Feb 062017

It’s throwback-time, where we revisit an awesome article from years ago…

I don’t think I’m being overly presumptuous when I say that most, if not all gamers want to play a great character.  I’m not necessarily talking about playing some super powerful, mega bad-ass; I’m talking about a character that is something more than just a collection of stats and abilities running around doing stuff.  I’m referring to a character brought to life for everyone at the table in some unique, interesting, and memorable ways and whose individual story enhances the unfolding group story.  Great because the character inspires and challenges us to become better roleplayers, while simultaneously remaining exciting and fulfilling for the individual player throughout the campaign.  We want to play a character that truly has Character.

Having been a gamemaster for decades, I’ve had the good fortune to see a few of these characters at the table.  However, I’ve seen a lot more characters fall short of greatness as well as their player’s expectations.  When this happens it often causes a player to lose interest in their character, the story, and by extension the campaign.  They frequently become bored, restless, and dissatisfied with the gaming experience.  Worst case, I’ve seen it lead to disruptive players blaming the GM, the other players, even the game itself for the player’s own lack of gaming fulfillment.

I’m not criticizing any player who finds themselves in this position.  No one wants to be disappointed in their character or the game.  I think we all want to, and strive for, enjoying the gaming experience.  It’s just that oftentimes our characters fail to manifest themselves in an exciting, meaningful, and engaging way.  So what causes this to happen?  More importantly, how can we avoid being let down by our characters?  What can players do to keep themselves interested in their characters and engaged in the campaign?

From my days in high school and college, to my service in the military and on through my adult life, I’ve been fortunate to have gamed with a considerable number of people and played dozens of different games.  When it comes to the great characters I’ve seen at the table, one of the most important elements they all share is Connection.  Specifically, great characters are those that have developed a strong sense of connection in three critical areas:

  • Connection to the group.
  • Connection to the setting.
  • Connection to the story.

Connection is the element that gives a character context and definition within the campaign.  Connection keeps the player engaged with both story and group.  Connection is the vehicle in which good characters may become great characters.


So what exactly do I mean by Connection?  I’m referring to aspects of the character that tie him or her directly to the story that the group is telling, often referred to as character “hooks.”  Some of these connections are assumed by the game itself; for example, in the Dark Heresy RPG characters are acolytes employed by an Inquisitor in service to the Imperium.  That assumption instantly begins to tie the character to all three areas; the group (they all work for the same person), the setting (each character is an acolyte serving the Inquisition), and the story (the Inquisition investigates threats to mankind).  Of course these assumptions are extremely broad, mere starting points for the characters, but they serve the same purpose; connecting the character to the three primary elements of the campaign, the group, the setting, and the story.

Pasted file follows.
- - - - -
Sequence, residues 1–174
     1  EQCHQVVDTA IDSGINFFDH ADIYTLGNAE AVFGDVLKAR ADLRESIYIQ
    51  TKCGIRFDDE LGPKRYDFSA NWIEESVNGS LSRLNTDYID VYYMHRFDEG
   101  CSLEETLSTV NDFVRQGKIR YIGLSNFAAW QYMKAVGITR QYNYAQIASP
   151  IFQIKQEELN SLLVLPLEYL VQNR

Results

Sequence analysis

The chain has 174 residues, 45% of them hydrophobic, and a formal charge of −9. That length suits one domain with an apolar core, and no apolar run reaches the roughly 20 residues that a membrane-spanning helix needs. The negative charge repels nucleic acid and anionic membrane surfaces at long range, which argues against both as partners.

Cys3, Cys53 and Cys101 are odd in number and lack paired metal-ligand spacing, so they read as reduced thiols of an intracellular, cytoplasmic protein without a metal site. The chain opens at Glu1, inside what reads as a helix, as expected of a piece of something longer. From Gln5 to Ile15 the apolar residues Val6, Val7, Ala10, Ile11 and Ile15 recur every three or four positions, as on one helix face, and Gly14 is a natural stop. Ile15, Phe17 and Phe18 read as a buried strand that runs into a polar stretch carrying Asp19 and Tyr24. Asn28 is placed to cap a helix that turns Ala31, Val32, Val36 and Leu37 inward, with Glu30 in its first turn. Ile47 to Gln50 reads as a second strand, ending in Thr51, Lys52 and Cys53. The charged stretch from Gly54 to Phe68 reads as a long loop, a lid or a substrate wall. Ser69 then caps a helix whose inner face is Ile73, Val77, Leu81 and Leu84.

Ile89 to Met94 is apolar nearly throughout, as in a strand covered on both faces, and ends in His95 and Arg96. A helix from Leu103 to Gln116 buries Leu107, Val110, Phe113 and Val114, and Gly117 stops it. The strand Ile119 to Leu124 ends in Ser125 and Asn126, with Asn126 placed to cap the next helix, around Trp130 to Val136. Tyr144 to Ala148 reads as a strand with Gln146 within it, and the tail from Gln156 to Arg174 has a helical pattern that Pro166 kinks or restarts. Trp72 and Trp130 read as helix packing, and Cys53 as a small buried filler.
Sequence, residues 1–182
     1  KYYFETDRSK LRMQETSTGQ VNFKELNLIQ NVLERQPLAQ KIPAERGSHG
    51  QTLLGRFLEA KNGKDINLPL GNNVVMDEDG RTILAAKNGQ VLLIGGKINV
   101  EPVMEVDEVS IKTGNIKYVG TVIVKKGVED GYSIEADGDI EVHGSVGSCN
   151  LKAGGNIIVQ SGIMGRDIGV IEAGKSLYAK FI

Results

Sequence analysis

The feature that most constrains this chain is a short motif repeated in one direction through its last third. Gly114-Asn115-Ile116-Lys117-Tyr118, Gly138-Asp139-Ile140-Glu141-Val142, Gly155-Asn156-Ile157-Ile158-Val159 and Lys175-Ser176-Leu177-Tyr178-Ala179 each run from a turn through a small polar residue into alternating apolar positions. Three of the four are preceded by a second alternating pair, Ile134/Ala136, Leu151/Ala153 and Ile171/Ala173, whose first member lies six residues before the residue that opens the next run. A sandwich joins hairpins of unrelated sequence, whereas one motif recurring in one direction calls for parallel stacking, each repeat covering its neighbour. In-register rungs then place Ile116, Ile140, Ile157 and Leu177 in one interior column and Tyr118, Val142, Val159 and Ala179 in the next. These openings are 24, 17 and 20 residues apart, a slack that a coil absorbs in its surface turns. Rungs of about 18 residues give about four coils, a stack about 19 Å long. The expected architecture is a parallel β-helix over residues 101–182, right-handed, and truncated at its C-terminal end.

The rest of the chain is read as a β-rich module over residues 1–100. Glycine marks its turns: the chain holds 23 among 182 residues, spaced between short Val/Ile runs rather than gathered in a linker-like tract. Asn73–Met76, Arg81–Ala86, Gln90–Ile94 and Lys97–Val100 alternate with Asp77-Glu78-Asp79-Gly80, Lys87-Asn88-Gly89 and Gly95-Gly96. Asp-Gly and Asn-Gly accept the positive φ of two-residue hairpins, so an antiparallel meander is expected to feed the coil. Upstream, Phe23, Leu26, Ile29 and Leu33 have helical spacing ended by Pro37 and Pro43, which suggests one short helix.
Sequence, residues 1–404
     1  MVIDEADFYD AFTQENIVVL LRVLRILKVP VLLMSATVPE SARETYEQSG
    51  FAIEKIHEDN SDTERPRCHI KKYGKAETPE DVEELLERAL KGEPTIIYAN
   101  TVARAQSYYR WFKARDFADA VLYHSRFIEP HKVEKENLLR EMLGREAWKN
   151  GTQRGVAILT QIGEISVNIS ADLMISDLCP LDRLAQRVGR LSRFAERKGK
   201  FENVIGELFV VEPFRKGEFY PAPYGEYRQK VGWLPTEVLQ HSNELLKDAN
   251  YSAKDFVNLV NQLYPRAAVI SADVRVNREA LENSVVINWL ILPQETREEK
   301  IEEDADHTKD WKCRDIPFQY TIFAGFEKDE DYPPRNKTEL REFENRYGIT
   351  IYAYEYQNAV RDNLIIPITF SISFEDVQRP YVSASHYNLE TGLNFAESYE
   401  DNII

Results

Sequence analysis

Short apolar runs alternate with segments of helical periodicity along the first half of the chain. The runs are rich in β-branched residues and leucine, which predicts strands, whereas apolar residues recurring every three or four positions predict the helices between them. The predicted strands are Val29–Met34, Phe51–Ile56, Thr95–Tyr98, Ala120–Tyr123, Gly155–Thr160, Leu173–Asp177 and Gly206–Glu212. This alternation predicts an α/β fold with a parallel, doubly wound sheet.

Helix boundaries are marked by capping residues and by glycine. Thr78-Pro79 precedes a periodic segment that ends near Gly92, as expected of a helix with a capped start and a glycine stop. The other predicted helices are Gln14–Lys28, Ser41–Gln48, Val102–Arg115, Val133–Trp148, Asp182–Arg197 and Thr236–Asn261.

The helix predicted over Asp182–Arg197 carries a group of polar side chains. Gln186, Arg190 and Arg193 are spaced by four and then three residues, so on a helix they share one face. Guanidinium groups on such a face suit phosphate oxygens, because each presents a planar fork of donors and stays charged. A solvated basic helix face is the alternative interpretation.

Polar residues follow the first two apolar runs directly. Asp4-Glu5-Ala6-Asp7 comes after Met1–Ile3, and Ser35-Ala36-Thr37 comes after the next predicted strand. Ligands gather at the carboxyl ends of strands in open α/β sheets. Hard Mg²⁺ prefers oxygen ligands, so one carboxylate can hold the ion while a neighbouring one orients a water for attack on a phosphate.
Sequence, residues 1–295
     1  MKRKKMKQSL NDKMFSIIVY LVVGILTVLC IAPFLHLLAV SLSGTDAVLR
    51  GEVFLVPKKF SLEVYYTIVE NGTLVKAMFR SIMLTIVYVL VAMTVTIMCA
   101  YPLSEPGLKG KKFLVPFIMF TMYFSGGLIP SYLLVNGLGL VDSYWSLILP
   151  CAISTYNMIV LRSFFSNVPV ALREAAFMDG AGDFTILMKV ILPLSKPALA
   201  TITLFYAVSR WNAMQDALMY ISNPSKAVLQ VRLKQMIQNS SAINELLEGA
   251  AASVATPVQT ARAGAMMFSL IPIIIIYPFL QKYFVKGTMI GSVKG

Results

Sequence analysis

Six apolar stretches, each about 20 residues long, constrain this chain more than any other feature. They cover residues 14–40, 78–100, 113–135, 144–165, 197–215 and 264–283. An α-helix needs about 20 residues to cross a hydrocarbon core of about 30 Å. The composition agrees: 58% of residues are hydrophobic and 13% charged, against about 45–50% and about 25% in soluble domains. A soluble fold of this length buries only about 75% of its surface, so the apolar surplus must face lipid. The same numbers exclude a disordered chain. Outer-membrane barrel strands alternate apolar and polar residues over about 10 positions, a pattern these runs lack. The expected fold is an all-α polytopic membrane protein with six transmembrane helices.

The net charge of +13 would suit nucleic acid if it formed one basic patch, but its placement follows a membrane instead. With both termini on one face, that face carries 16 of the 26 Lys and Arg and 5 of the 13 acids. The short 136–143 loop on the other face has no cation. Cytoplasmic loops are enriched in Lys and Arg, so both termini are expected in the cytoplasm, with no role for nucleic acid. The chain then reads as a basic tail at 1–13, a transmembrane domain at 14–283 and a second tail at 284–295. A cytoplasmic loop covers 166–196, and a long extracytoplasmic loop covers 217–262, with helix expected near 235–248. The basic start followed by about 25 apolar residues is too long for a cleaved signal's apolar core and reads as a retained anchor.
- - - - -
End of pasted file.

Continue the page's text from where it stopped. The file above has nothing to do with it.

In my experience players find it more rewarding to roleplay a character when they’ve developed connection to these three elements, because it is these connections that define who the character is.  In other words, it is easier to play a role when the role is clearly defined.  Some of the benefits of connecting the character to these elements include the following:

Connection to Group

  • Connection defines the character’s role within the group.
  • Connection establishes why the character is in the group and equally as important why the character stays with the group.
  • Players who feel connected to the group tend to get a higher degree of satisfaction from the game even when the spotlight isn’t on them.
  • Connection helps reinforce the idea of teamwork keeping the GM from being forced to run a campaign for six different individuals, instead he can focus on running a campaign for one unique group.

Connection to Setting

  • Connection to setting defines the character’s role in society.
  • Creates identity in terms race, nationality, profession, or even species.
  • Encourages player understanding and involvement with the setting and allows the player to more fully participate in bringing it to life.
  • Connection strengthens immersion helping the player experience the setting as an active participant, instead of being a passive element simply getting lectured about it.

Connection to Story

  • Connection defines the character’s role within the specific circumstances, themes, and elements of the campaign’s plotlines and story-arcs.
  • Solid character connections allow the GM to focus on the group’s story without having to spend quite so much time on each individual’s story (potentially neglecting the rest of the group).